What is Custody?
When a person is detained by an authority or another individual that holds legal power to do so, that is directly violative of his fundamental rights under article 21 of the constitution that ensures the right to liberty and freedom of movement.
Although several misunderstand that the concepts of custody and arrest are two separate instances. Arrest however is not synonymous with custody but let’s first understand the two different types of custody:
- Police Custody
- Judicial Custody
What is Police Custody?
When a person is detained by the police and held in a cell or a lockup at a police station, he is said to be taken into police custody. According to the law, as stated in Section 167 of the Code of Criminal Procedure, 1973, any person arrested by the police needs to be presented before the Magistrate Court within twenty-four hours of the arrest, excluding travel time from the place of the arrest to the magistrate court.
The same section of the Code of Criminal Procedure also states that the court may grant extended police custody of a maximum of fifteen days for further investigation. In some very rare exceptional cases, it can be extended for up to thirty days.
What is Judicial Custody?
Judicial Custody, as the name suggests is the custody of an individual lies with the respected magistrates or courts. As opposed to the holding of a person in a police lockup, a person is put in jail under judicial custody.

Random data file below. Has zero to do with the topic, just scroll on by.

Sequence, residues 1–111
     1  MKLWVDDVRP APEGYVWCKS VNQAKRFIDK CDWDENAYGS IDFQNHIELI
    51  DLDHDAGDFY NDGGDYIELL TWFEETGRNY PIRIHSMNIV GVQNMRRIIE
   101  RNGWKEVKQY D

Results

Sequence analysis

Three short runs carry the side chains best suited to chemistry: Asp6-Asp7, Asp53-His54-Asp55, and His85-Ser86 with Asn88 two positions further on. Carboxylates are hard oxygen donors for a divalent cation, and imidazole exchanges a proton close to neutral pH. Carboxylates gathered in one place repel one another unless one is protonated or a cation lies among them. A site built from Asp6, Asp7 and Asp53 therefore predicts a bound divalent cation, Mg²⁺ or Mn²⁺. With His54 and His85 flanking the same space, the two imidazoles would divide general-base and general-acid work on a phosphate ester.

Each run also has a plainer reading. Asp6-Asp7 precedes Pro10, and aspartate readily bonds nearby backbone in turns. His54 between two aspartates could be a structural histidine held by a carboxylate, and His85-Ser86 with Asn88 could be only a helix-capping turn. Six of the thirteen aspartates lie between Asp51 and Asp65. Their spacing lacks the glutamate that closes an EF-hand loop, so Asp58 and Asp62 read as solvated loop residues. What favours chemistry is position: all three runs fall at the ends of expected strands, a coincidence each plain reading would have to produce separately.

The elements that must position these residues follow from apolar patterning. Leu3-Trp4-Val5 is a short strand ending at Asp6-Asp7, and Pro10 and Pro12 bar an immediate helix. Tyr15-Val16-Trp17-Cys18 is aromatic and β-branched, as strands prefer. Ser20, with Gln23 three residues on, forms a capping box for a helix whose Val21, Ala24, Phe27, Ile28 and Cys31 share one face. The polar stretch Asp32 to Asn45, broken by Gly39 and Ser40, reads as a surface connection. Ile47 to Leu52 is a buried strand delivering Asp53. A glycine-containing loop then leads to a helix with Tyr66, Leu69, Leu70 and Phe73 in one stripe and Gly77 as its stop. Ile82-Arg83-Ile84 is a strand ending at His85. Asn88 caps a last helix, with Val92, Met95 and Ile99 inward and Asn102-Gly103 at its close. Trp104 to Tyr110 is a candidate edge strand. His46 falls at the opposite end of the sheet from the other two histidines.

This form of custody can extend up to fourteen days which can also be extended to up to ninety days. If a police report has not been filed within sixty to ninety days then the said arrested person will be released on default bail, if however the report has been filed the person will continue to remain in jail as the investigation will have been said to have moved to a further stage.
What is the difference between Police Custody and Judicial Custody?
- The purposes of the two custody i.e., police custody and judicial custody remain different. While the former is acted upon when a complaint is lodged against a person and held in a lockup, the latter aims to keep an alleged or suspected person under close surveillance of law enforcement personnel.
- The person when detained under police custody needs to as mandated by law, be produced in front of a magistrate within twenty-four hours of the arrest. While in judicial custody the arrested individual is to stay in jail until bail has been granted by the court for their release.
Although a lot of differentiating points may not explain the difference between judicial custody and police custody, the concept is that the names of each describe the concepts to a great extent. Law enforcement officers are on a time crunch when it comes to police custody, as the arrested individual needs to be produced before court within twenty-four hours, some judges while hearing bail applications go to the extent of checking the time of sunrise to make sure when the specific twenty-four hours would end, which is not the case for judicial custody. The difference lies in the separate powers of our law, one with the magistrates and the other with the police.